Australian Human Rights and Equal Opportunity Commission released a report
condemning the government for the abuses and human rights violations
child refugees suffered while being detained. Although Kevin Rudd's
government has softened certain provisions of the law, it is still being employed to intercept and detain illegal immigrants.
THE "NIKKEI" LAW
Immigrant Population: 1.7 million
What the law does: Japan
has long struggled with its demographics and immigration problems.
Although the country's aging population necessitates the importing of
cheap labor, recently the Japanese government has sought to curtail
immigration in an effort to shore up its unprecedentedly high
unemployment figures. The most infamous of Tokyo's new anti-immigration
policies is the "Nikkei" Law. Passed in spring 2009, the law allows the
Japanese government to pay $3,000 to each unemployed Latin American
immigrant of Japanese descent (known as Nikkei in
Japanese) and $2,000 to each of that unemployed worker's family members
to return to their country of origin. The catch? These workers and
their family members would be prohibited from ever returning to work in
Japan. An estimated 366,000 Brazilians and Peruvians lived in Japan at the time.
the law is voluntary, it's nevertheless stirred up a deal of
controversy within Japan. Some support the measure as being
economically prudent, while others, such as Angelo Ishi of Musashi
University in Tokyo, describe the law as "an insult" to Japan's immigrant communities. Much of the Western press has taken a relatively neutral stance on the issue, aside from Time, which ran a story with the headline "Japan to Immigrants: Thanks, But You Can Go Home Now."
Country: United Arab Emirates
Immigrant population: 3.75 million (83.5 percent of total population)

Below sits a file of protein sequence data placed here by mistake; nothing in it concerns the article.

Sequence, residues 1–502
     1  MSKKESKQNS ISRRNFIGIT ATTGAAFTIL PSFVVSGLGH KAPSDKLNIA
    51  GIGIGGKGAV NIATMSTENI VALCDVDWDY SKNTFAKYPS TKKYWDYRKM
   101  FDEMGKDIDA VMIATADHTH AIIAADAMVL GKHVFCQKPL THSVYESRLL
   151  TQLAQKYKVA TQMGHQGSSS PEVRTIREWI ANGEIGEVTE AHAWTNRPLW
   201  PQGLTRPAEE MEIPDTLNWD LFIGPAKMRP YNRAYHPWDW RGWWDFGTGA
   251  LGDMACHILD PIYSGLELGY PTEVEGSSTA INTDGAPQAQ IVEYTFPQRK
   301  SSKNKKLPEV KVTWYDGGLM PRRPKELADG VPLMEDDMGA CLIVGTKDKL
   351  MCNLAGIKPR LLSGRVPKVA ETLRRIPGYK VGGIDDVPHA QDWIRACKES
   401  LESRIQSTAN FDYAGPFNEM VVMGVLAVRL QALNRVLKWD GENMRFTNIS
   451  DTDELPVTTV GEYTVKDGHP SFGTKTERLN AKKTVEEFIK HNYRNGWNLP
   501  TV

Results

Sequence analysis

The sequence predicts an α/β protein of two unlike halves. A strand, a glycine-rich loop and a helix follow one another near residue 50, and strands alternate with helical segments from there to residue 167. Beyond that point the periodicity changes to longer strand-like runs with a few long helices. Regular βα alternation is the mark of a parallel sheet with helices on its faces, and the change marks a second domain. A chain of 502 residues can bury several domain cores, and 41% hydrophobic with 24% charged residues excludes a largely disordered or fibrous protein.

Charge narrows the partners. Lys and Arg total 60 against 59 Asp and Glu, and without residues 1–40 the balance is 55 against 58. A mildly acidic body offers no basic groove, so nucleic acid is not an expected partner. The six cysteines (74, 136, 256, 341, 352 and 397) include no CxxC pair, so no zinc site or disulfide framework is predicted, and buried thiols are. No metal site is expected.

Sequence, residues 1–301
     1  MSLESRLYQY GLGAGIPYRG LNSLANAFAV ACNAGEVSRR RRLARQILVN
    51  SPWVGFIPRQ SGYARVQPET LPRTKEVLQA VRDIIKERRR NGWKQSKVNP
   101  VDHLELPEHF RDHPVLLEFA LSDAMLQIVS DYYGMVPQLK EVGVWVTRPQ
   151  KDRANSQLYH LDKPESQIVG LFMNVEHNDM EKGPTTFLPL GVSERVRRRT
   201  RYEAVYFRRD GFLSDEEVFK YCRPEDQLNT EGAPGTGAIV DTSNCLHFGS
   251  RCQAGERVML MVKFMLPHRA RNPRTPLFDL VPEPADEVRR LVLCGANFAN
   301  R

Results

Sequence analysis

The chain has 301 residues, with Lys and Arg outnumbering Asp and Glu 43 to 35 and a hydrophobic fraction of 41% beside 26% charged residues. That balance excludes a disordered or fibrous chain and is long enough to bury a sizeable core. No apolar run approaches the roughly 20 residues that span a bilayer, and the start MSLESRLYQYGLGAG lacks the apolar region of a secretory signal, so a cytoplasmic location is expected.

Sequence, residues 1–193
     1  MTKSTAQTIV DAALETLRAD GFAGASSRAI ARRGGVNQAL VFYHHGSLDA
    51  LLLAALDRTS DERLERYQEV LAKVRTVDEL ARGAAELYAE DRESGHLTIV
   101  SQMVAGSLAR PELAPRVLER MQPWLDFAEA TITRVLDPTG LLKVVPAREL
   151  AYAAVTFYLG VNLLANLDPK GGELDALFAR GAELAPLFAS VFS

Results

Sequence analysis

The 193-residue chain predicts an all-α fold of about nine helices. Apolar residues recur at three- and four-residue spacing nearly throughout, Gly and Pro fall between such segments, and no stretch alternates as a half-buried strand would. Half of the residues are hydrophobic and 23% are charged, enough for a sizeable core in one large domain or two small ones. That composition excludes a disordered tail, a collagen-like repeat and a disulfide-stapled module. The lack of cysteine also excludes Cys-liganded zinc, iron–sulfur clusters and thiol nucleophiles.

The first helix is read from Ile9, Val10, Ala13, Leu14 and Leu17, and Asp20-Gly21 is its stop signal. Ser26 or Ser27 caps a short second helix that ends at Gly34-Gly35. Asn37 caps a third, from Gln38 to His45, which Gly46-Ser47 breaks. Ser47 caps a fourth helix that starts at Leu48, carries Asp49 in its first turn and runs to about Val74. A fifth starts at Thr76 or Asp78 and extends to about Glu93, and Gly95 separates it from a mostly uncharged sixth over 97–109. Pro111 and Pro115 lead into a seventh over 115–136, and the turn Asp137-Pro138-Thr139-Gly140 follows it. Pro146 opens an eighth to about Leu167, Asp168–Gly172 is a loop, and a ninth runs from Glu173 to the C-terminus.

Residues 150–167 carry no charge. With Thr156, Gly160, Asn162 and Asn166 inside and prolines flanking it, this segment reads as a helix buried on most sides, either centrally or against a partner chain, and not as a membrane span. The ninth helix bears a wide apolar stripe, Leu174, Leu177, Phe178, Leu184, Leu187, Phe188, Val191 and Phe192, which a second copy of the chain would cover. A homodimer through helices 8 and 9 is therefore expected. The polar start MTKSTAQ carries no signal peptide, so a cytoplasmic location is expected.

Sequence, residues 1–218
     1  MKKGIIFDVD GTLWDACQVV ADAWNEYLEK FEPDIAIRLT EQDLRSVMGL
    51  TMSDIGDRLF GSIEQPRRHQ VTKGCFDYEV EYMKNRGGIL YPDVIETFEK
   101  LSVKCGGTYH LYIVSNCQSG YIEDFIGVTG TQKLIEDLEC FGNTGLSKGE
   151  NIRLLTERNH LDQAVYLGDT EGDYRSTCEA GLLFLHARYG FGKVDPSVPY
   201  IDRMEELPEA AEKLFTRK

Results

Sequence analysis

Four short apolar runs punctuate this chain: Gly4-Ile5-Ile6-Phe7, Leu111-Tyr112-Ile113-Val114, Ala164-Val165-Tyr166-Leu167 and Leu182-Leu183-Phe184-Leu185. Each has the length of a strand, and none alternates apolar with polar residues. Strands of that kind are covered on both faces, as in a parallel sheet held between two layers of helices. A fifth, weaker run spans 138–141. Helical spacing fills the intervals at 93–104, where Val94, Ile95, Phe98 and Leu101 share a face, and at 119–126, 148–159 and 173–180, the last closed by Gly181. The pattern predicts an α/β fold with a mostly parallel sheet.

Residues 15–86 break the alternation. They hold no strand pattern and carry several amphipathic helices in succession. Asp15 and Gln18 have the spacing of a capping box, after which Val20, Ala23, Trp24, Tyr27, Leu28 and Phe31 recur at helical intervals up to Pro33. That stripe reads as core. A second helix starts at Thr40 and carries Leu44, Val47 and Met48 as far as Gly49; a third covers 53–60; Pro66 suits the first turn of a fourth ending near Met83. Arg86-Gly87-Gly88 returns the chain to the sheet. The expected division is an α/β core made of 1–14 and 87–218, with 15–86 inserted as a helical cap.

What the law does: An
abundant supply of cheap immigrant labor from Southeast Asia and India
has helped make the UAE a major destination for foreign direct
investment. Yet despite a surge of immigration into the Emirates over
the past decade, the government has yet to reform its many draconian
immigration policies and labor laws. One of the toughest provisions in
Emirati immigration law is the prohibition
of foreigners from engaging in any sort of labor union-like activity.
As a result, living conditions are often harsh, including 80-hour work
weeks, back-breaking manual labor, and below-minimum-wage pay. It's not atypical for immigrants to live in "tiny pre-fabricated huts, 12 men
to a room, forced to wash themselves in filthy brown water and cook in
kitchens next to overflowing toilets."
Whereas in the past criticism of UAE immigration and labor law seemed
to come only from human rights NGOs and international organizations
like the U.N.,
more recently the immigrants themselves have begun to denounce such
laws. Immigrant workers in Dubai have been particularly vocal. In 2006,
a group of blue-collar workers in Dubai held a union meeting and protested the unfair working and living conditions that their employers subject them to. More recently, in September 2009, construction workers went on strike and protested in the streets, demanding higher wages and overtime pay.